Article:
Short Sessions, Part 11

This is another post in my series about the odd games that I have decided not to complete, although I will at least try them out for up to an hour or two.

Pac-Man Championship Edition 2

Developer: Bandai Namco Studios | Released: 2016 | Genre: Arcade, Maze

A significant update of the original arcade game with glowy graphics, techno music and additional rules. I was never a fan of the original. Too simple yet also too hard for me. I liked e.g. Mr. Do a lot better.

New rules? I could bomb jump (sort of like teleport) and picking up a fruit as it emerged seemed to change the maze layout on the fly – sometimes even with a snazzy Tempest zoom. There was one red ghost in the short time I played the game. It didn’t kill me until I had touched it a few times first, pissing it off. It could also collect a train of placeholder ghosts. And there was even a boss level.


Developer: Interplay Entertainment | Released: 1988 | Genre: RPG, Top-down

I tried this classic top-down RPG from 1988 a few years ago. Back then it was a just crude version with the original font and portraits. This time I tried the Steam version in DOSBox, and it had been spiffed up with a smoothed out font, high definition portraits, and a constant music soundtrack in the background.

The music was pretty good – very atmospheric and quite varied too.

I just accepted the preset party of four and went into a world that wasn’t much prettier than ASCII graphics. Found a town with a few buildings. Left and found another place. A farmer wanted me to kill the vermin in the fields next to a big satellite dish. Sounds easy, I thought, and jumped right in. Turns out the turn-based text fights against mostly prairie dogs took quite some patience and even almost decimated my party. At one point I tried to run, but even that required a lot of turn-based action.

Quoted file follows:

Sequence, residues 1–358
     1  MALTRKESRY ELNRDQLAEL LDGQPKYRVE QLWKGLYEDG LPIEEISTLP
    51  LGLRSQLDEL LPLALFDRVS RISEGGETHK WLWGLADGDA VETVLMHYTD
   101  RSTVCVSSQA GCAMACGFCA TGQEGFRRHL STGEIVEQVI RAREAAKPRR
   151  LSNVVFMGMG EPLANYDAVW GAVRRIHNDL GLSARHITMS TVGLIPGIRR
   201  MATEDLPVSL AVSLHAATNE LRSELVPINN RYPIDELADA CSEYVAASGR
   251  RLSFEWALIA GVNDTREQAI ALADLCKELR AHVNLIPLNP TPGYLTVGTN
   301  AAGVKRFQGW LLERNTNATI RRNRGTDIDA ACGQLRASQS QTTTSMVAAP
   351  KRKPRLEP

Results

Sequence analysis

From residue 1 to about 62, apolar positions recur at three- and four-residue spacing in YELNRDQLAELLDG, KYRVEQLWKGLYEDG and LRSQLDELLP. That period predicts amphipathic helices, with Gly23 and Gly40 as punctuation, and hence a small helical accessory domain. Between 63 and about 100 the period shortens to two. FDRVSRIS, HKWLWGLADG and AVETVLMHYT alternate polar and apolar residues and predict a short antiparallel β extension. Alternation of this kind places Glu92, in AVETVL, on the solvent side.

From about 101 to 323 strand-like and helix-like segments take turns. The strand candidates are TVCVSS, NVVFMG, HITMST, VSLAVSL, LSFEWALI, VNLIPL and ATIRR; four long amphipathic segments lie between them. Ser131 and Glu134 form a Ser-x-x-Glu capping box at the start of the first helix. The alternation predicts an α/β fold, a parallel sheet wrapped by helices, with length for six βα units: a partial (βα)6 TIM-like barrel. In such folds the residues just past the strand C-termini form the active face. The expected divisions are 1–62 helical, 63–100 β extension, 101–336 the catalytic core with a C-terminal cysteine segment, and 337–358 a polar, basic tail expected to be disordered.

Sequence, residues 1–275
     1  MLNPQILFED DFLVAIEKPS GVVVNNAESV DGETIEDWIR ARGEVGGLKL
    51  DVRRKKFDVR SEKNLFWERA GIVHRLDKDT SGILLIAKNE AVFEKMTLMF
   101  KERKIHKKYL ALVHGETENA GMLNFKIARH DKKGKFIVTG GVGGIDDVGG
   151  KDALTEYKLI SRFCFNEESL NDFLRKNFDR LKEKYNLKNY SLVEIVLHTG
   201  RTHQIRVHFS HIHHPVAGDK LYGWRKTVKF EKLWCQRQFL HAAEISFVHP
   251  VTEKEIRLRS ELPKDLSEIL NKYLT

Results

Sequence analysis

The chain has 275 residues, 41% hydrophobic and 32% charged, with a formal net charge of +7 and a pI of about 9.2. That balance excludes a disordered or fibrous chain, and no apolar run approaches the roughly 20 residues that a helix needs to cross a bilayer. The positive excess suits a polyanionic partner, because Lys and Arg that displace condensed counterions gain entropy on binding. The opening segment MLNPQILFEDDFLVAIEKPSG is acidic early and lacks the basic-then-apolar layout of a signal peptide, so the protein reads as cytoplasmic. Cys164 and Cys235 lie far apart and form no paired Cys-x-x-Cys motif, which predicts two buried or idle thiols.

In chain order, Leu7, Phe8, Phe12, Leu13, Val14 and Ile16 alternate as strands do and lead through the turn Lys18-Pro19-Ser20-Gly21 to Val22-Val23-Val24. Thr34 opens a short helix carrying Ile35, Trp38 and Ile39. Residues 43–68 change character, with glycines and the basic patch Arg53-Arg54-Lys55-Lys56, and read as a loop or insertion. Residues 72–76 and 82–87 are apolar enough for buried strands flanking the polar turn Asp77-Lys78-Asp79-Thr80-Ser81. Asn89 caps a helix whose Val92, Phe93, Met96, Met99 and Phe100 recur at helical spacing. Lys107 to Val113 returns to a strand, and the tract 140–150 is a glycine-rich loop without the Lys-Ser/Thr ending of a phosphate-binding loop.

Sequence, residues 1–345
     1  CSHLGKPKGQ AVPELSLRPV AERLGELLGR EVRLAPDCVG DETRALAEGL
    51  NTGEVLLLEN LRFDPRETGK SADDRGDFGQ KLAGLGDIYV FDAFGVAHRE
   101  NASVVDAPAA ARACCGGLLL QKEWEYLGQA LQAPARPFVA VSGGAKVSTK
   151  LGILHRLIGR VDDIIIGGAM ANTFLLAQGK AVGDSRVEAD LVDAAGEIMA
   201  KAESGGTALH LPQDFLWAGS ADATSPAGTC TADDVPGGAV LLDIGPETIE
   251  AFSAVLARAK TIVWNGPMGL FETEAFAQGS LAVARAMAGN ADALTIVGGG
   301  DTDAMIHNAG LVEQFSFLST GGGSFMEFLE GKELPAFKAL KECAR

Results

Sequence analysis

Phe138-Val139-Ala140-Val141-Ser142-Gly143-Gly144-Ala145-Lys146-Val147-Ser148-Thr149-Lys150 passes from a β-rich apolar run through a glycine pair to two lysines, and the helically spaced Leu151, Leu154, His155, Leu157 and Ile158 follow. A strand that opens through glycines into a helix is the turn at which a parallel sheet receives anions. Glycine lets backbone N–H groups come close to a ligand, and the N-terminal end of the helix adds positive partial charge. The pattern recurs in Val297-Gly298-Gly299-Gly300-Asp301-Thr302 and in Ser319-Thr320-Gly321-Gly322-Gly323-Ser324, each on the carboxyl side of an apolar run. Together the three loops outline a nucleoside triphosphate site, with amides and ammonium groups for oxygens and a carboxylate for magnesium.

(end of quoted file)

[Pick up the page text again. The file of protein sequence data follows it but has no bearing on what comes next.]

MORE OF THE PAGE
Then I tried exiting the field, but instead I stumbled into a gray cave with a treasure at the end. Now I had to fight bunnies. Where the graphics actually showed the prairie dogs in the field, the cave didn’t show the enemies there at all. It was all surprise when moving. That felt a bit unfair.

I never played Wasteland back in the day and thus have no nostalgia for it. But I have a feeling I wouldn’t have had much patience back then either. There is too much text in drawn out fights and too much having to imagine everything in my head. But I do understand and respect its foundation for the later Fallout games, most of which I completed and adored.


Developer: Nelson Sexton | Released: 2014 | Genre: FPS, Zombie

Didn’t really like this one. Perhaps the real fun is to be found in multiplayer?

It was a survival zombie FPS with minimalistic graphics. A tutorial revealed that there were also cars (which could even be refueled) and harvesting of plants and chopping down trees for crafting. Fishing too.

The single player game dropped me somewhere random in a big mountainous area with roads and houses scattered around with quite some distance between them. What I didn’t like was that I had nothing to defend myself with. No weapons. Not even harsh language. Green-skinned zombies were always waiting around those houses, and sneaking was hard. They easily discovered me and killed me in seconds.

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